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Research Project

Singapore Tropicana*

In the early 1970s there was a crucial moment when the future of the island’s city wasn’t conceived of as a unitary technocratic design agenda. Different cultural and ideological tendencies influenced the young nation and thus the architects and urban planners and their perception of the tropical city. While some of these architects’ ideas were manifested in built works, most evidence of their ambitions, however, has vanished along with the desire to steer the city’s future according to alternative agendas. A few scattered witnesses from this time remain in the city today, but for most of these artifacts their moment has passed. Unable to satisfy the demands of the zeitgeist, which condemns architecture to solve the globe’s problems, they have seemingly lost their purpose.

Because architecture’s raison d’être is not to solve problems, however, we reject the contemporary tendency to proclaim that everything is architecture and architecture is nothing. Instead, in our alternative vision of Singapore, we consult the outlaws of the contemporary “Garden City” to conceive of a tropical future. By examining the purposeless buildings of today, we invigorate the island’s architecture for a viable future on the edge of the hot and the wet, the ambitious and the sensitive, the permeable and the sealed, and the cultivated and the wild.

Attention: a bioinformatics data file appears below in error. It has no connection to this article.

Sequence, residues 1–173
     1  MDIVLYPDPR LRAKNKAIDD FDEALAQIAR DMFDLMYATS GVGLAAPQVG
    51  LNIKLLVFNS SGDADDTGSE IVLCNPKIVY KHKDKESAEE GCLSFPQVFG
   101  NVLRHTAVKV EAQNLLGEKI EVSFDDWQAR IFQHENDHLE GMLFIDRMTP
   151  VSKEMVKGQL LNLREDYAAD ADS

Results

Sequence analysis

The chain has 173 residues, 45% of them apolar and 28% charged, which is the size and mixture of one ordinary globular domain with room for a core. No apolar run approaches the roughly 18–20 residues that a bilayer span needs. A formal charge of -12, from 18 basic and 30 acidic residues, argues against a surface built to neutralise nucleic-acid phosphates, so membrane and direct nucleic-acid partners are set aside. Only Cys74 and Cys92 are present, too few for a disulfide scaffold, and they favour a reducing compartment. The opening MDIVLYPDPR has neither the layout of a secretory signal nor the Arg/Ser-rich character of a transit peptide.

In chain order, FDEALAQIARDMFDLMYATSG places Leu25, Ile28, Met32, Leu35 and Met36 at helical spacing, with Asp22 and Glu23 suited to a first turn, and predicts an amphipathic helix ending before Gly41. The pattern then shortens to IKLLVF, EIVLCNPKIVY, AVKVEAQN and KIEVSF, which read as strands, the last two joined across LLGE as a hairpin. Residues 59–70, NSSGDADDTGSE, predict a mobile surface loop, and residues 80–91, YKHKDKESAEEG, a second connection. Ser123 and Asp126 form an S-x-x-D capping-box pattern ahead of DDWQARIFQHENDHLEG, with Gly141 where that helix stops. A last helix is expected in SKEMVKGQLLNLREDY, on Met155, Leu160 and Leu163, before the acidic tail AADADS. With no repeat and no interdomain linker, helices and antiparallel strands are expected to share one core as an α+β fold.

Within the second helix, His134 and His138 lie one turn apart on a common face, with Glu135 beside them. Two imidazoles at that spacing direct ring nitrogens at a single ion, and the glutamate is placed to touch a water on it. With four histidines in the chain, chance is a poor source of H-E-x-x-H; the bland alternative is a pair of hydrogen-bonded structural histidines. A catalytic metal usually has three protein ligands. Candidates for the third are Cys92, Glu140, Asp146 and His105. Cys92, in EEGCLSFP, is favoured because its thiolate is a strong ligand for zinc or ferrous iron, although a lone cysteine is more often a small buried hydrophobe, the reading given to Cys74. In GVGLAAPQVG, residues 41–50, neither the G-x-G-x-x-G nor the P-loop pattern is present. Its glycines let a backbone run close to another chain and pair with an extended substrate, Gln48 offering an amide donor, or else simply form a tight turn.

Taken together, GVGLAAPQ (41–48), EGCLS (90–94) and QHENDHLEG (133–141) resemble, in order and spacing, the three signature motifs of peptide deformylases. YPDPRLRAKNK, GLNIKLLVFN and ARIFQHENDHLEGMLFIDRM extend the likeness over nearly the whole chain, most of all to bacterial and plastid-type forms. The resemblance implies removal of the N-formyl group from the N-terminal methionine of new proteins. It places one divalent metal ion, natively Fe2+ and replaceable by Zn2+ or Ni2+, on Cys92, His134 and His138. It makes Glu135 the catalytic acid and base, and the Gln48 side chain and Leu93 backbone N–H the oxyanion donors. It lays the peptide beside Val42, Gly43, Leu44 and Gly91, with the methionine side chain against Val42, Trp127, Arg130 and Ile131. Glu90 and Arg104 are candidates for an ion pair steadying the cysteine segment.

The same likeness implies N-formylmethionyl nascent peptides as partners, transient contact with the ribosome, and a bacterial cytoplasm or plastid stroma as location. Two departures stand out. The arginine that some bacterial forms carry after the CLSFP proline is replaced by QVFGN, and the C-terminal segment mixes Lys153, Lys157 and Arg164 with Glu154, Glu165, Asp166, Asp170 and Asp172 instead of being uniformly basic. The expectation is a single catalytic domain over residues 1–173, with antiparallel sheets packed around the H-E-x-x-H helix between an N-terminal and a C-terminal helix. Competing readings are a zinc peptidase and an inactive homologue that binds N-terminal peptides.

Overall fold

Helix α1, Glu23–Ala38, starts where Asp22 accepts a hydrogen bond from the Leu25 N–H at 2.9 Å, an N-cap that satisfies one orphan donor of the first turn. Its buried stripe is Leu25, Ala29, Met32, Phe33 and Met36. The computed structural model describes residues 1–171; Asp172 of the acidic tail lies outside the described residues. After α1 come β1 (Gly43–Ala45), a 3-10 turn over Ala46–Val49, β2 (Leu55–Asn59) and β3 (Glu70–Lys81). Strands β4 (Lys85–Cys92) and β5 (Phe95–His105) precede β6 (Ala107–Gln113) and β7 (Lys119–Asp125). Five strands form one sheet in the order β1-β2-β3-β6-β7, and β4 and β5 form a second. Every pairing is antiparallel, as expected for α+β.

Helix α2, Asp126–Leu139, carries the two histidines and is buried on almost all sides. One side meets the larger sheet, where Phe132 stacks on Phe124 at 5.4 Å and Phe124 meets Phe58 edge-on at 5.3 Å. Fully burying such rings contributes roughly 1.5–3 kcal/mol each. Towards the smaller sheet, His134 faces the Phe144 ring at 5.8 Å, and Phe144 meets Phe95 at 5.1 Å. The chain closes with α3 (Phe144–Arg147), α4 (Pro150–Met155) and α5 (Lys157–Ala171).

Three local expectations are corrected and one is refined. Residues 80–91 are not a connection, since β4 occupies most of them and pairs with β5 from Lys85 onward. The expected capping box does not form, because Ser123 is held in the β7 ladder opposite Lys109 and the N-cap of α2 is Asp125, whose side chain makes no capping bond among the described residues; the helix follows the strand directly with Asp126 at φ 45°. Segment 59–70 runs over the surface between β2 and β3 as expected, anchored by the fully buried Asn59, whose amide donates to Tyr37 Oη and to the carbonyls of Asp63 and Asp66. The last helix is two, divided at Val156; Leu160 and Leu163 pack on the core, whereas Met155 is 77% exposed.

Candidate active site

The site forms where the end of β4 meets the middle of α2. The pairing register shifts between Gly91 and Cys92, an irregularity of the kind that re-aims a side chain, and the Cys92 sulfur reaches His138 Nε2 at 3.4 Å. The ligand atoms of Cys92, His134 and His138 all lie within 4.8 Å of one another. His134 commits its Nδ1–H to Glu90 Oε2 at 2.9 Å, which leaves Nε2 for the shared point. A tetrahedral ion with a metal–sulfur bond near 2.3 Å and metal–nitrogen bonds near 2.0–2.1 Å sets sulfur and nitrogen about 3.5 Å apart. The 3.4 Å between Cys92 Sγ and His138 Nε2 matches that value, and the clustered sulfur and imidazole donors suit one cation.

* The term “Tropicana” relates to two magic historical moments. The first one is the opening of the Tropicana Las Vegas hotel and casino in 1957. And the second one is the founding of Tropicana Products in Florida in 1947, a company specialized in the production of orange juice. Each of them helped to squeeze the notion of the “tropical” into a lifestyle product that no longer required the actual tropics as a context. The essence of the tropics becomes transferable and even flourishes at a relative humidity well below 30%.

The project Singapore Tropicana will be accompanied by a research/design studio in spring 2013 by Plans & Politics in collaboration with Jörg Rekitkke and Erik L’Heureux from the Department of Architecture at the National University of Singapore (NUS).

Interim Review 1
The young nation's "Selbstbild." Model of Singapore, 1960s. From: Dick Wilson, East meets West - Singapore, 1971.
The young nation's "Weltbild." Model/Collage of Singapore, 1960s. From: Dick Wilson, East meets West - Singapore, 1971.
Queensway Bowling Alley.
Old School at Mount Emily.
Jurong East City Hall.
Singapore Bukit Timah Turf Club.
Bukit Timah Shopping Complex.
The architectural figure of Singapore Tropicana.
Singapore's eccentric drainage system.
Locations of the found artifacts (outlaw structures) in the city.